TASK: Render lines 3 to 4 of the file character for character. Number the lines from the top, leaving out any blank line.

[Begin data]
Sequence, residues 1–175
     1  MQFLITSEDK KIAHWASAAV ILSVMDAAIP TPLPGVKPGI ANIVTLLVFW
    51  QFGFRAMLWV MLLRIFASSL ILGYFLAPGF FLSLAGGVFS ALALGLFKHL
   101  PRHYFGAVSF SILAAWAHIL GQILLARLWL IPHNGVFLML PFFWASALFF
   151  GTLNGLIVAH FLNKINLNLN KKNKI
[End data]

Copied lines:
    51  QFGFRAMLWV MLLRIFASSL ILGYFLAPGF FLSLAGGVFS ALALGLFKHL
   101  PRHYFGAVSF SILAAWAHIL GQILLARLWL IPHNGVFLML PFFWASALFF